The fueling station, which will also dispense gasoline and diesel for government users, should be open for business by Feb. 1, following a sixth-month build out. The city has already begun converting some of its vehicles to run on natural gas.
"CNG burns cleaner," said Wendell Jones, the city's director of fleet services. "It's cheaper. It is less maintenance for our vehicles. One of the things that we as a city should be trying to do is reduce our dependency on foreign fuel. This is a prime example of a way to do that."
The fueling station cost about $1.3 million and was funded with various grants and a partnership with Southwestern Energy, which kicked in $100,000. The Arkansas Energy Department provided a $235,000 grant. The remaining funds came from the city, which located the station on publicly owned land, Jones said.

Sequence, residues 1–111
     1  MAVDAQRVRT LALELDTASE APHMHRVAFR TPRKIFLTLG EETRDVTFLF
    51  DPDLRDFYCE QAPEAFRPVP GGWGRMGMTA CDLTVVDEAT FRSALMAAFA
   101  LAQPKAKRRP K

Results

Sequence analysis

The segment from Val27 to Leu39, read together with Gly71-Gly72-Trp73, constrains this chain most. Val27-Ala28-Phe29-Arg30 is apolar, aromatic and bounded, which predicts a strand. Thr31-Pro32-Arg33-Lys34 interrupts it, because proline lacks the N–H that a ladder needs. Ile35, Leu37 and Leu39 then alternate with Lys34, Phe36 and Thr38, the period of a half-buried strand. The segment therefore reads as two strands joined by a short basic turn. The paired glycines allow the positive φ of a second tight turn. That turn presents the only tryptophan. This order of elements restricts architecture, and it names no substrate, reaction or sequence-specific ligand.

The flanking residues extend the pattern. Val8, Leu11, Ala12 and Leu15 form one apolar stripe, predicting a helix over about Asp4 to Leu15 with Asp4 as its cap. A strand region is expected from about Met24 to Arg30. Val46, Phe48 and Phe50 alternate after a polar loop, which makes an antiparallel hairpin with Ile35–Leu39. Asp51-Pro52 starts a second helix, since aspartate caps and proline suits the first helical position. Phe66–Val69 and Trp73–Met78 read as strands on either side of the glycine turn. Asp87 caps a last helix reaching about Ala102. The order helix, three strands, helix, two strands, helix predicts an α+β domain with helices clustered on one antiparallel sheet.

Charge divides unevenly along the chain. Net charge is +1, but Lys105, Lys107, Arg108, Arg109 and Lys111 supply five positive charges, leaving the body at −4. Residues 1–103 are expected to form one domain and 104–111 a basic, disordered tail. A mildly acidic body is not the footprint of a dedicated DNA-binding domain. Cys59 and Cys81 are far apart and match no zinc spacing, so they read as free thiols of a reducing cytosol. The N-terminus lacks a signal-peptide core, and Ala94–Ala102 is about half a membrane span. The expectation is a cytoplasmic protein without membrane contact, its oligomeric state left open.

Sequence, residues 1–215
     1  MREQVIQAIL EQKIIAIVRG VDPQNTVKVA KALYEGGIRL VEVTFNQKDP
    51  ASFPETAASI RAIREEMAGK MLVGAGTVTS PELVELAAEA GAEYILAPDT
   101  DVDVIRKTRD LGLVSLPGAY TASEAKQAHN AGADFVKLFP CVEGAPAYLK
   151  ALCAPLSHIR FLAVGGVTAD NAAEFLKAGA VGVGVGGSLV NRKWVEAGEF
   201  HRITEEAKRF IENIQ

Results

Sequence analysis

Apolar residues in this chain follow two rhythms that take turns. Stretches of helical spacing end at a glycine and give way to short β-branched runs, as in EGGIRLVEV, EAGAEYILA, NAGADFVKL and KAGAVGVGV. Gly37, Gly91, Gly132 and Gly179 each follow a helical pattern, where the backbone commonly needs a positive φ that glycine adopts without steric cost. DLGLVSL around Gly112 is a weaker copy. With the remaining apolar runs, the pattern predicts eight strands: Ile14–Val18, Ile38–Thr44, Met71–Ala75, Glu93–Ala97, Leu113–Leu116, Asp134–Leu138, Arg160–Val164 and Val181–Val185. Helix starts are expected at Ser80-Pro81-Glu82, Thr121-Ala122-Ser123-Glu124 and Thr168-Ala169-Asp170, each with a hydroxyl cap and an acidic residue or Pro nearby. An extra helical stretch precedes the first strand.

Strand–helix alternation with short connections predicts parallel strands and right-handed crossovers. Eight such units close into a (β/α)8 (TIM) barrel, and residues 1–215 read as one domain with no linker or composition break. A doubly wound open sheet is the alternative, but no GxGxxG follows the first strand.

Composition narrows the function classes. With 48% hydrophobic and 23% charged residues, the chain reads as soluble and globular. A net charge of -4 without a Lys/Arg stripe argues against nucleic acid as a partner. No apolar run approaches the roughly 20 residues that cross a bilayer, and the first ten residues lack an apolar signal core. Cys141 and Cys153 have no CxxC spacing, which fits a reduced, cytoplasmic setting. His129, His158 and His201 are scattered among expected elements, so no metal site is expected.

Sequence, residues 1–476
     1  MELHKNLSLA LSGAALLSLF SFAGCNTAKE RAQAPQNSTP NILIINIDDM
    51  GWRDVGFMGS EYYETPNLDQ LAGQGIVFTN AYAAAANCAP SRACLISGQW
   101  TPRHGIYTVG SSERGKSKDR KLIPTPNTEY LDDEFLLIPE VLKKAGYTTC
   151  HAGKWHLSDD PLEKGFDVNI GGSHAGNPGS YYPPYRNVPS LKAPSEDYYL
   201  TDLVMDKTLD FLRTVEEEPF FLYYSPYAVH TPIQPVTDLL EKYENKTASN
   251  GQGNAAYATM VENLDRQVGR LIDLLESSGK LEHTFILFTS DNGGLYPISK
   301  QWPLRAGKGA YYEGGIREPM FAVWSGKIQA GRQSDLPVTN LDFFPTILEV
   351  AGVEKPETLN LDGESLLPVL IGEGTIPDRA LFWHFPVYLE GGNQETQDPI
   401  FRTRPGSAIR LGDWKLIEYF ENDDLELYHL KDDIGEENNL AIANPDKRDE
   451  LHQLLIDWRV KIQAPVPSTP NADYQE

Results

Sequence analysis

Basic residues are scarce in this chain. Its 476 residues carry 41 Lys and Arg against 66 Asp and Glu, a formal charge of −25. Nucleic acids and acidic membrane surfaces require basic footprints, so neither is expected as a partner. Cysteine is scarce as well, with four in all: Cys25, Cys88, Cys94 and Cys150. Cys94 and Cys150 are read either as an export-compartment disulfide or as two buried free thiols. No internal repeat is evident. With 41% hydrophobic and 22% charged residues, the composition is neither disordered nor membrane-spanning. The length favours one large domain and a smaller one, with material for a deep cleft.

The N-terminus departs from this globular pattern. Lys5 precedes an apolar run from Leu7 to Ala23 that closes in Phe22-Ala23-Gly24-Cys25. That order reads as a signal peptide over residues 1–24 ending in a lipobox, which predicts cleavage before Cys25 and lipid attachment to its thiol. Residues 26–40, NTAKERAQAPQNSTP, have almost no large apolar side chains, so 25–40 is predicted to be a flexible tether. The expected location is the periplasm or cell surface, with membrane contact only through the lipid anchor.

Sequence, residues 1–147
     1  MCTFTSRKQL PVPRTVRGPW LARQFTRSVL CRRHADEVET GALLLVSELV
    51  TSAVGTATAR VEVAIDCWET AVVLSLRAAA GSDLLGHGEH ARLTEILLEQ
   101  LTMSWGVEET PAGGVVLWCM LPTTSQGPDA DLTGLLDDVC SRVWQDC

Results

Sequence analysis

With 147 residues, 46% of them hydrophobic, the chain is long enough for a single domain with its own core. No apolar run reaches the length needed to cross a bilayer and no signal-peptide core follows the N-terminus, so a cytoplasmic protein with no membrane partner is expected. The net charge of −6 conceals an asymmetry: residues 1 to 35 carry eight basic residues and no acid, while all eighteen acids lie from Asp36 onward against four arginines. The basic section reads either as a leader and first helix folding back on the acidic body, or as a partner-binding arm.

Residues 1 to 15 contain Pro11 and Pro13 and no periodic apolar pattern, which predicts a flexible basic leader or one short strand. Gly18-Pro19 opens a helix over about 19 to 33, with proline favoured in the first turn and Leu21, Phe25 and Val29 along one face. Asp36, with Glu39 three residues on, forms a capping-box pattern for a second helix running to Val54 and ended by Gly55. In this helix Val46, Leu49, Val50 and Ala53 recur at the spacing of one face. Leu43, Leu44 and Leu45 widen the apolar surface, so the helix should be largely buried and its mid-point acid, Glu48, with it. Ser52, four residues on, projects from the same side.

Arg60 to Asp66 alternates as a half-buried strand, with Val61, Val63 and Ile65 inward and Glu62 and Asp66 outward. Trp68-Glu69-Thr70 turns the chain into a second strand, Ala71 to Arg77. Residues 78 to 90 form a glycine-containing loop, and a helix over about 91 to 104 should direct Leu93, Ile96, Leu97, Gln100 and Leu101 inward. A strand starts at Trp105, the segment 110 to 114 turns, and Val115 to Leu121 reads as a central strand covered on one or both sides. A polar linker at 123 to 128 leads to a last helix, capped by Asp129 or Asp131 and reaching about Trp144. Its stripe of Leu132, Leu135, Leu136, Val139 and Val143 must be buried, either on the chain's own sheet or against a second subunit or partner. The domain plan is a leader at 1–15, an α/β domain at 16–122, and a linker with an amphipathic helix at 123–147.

The fueling station fits nicely into the city's sustainability goal of converting up to 20% of its fleet to vehicles that can run on CNG. The city now runs seven CNG vehicles among its fleet of 800 vehicles.
The cost savings of the station to the city will be significant on a per-gallon basis. The station will dispense CNG for $1.10 per gallon, as compared to the $3.30-per-gallon cost of standard gasoline in the Arkansas capital.
In addition to city and other government vehicles, the station will likely fuel 40 CNG vehicles from the local AT&T commercial fleet, Jones said. The station will be located near Interstate 30, making it accessible to a broader base of possible users.
When it opens, the station is expected to dispense 200-300 gallons of CNG each day. It can also accommodate heavy-duty trucks equipped to run on CNG.
By Paul Clinton